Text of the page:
Favorite Moment: All about the traveler is deathly silence.
It’s hard to believe that Ororo Munroe, one of the most powerful members of the X-Men and master of the weather, has had to wait so long to get a solo ongoing series. The first issue introduces us to Storm in her current role as Headmistress of the Jean Grey School for Higher Learning. Writer Greg Pak quickly and effectively reveals Storm’s inner conflict, the struggle between her incredible power and fury, and her desires to be a force for good in the world. After saving a village from a tsunami, anti-mutant sentiment from the government and a local corporation force her away and back to the school, where a student calls her out as a hypocrite. Troubled, Storm chooses to return to the village she saved and help with repairs, only to end up escalating the conflict there.
Storm’s position as a leader forces her to choose between
the good that she can do immediately and the good she can do through political maneuvering. I found the pacing in this issue a little fast, leaving little time to explore Storm’s problems and decisions, but it does set up some interesting conflicts for Storm. It’s a decent first issue, but it will need to tell some longer, deeper stories to keep me reading.
Favorite Moment: I let the storm carry me all night.
Ms. Marvel #6
After taking up the mantle of Ms. Marvel, assembling a costume and completing a successful rescue in the first five issue arc, Kamala Khan has begun to settle into a heroic routine. The Inventor has sent out his robots to track down Kamala, and she has started to systematically take them out. Hearing bizarre sounds in the sewer, she investigates and discovers a cache of alligators under the bionic influence of the Inventor. Wolverine wanders into the same trap, on the trail of a missing student who may have joined the Inventor’s cult. The two team up to get out of the sewers and knock a few alligator skulls around.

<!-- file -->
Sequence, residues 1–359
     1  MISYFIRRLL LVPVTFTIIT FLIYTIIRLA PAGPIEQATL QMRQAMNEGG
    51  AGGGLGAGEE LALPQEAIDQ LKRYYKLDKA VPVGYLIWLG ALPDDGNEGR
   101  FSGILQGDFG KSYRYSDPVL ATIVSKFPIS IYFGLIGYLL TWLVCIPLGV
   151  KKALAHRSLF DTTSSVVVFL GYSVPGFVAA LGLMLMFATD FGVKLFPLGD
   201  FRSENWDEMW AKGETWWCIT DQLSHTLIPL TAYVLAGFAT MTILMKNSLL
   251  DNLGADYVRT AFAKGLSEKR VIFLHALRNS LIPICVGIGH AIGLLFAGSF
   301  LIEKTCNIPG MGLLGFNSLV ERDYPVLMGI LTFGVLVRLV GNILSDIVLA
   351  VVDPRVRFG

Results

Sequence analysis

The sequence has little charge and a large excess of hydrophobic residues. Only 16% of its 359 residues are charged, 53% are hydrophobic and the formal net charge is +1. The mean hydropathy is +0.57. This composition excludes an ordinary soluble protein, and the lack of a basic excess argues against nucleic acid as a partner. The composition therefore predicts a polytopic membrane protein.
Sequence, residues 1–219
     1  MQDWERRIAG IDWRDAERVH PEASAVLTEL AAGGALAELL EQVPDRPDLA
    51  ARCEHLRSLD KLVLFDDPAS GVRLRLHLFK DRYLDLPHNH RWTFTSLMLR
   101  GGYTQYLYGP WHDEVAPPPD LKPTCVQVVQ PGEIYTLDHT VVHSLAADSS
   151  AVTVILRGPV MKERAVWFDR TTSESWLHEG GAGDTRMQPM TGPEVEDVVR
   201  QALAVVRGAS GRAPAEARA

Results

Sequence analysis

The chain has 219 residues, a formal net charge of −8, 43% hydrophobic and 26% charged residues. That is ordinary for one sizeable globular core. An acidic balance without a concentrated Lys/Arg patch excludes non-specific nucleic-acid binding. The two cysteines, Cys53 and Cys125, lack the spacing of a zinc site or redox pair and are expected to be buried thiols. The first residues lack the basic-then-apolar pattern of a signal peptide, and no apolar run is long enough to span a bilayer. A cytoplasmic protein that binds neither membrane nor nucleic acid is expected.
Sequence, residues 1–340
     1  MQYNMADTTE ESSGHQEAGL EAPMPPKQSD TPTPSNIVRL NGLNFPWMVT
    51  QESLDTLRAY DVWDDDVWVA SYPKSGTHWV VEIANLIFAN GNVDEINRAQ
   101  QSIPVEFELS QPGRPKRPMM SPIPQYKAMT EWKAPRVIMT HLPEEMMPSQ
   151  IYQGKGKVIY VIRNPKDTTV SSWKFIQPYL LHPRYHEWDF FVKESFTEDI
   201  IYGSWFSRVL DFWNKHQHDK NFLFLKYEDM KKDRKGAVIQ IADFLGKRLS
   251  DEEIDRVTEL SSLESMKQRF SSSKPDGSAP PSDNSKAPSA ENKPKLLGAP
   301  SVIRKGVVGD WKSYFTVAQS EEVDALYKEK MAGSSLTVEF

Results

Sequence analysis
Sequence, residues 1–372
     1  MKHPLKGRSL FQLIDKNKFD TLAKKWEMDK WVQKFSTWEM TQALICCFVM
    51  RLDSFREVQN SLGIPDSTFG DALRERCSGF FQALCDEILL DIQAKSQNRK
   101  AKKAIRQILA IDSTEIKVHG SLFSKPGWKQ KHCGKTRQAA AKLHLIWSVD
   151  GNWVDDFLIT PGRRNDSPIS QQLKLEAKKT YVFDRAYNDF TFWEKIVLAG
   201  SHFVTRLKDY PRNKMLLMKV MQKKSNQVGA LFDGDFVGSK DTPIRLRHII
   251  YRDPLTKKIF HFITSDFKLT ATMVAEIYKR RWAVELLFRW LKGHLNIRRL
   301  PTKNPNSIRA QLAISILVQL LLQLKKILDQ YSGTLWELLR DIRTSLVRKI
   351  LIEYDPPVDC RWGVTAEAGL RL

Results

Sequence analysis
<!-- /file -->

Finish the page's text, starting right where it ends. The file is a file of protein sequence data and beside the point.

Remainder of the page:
This issue’s art is by Jake Wyatt, and it continues Adrian Alphona’s fantastic expressions from Ms. Marvel #1-5. I kept changing my mind about my favorite panel every few pages. From Kamala’s shape shifting into a sofa to Wolverine’s reluctant role as mentor, this series continues to satisfy.
Favorite Moment: “I totally put you first in my fantasy hero team-up bracket!”
Silver Sufer #4
This is an almost action-less comic book. And yet, despite the absence of cosmic battles or planet-sized intergalactic queens, I’d have to say that issue 4 of Dan Slott’s Silver Surfer series is probably my favorite entry in the book yet. Beginning with a brief cameo from the Guardians of the Galaxy, the book centers in on the Surfer returning Dawn Greenwood to Earth and his subsequent visit with her family who couldn’t be more uninterested in the fact that he used to be the herald to freaking Galactus. What ensues is some of the most delightful and witty dialogue that you’ll find in a comic from this past month, as well as great grounding moments for the Surfer who is about as big a fish out of water as you could possibly imagine. The issue ends, in turn, on a great cliffhanger to set up the next arc which, after this book, I couldn’t be more excited for. As young as it is, Silver Surfer is shaping up to be one of Marvel’s best new series and if you’re even remotely curious about it, this is the perfect issue to jump in on.
Favorite Moment: “Outer space, huh? So what was it like? Star Trek or Star Wars?”
So big surprise, Mark Waid’s Daredevil continues to be a fantastic read. In fact, if you haven’t yet discovered the recent wonders of Marvel’s premiere blind superhero, you owe it to yourself to go buy a trade or pick up a few issues and take it for a spin. It’s funny, exciting and, on more than few occasions, game changing for the character on the whole. That being the case, I’ll come right out and say that the first storyline following the series re-launch and the characters move to California didn’t really grab me all that strongly. It was still well written to be sure and a lot of fun while I was reading it, but the plot itself didn’t do much for me. Issue 6, however, had me from page one and looks as though it could be the start of a great new storyline exploring Matt Murdock’s past and his memories of his dead father whom he has idealized for most of his life. It also showcases Waid’s uncanny ability to use a simple visit to a church as an organic launching pad for plot lines that you would never have seen coming on page one. Illicit weapons research? Government conspiracies? The nation of Wakanda? Never underestimate what Mark Waid can do with Matt Murdock, a nun and a bit of imagination.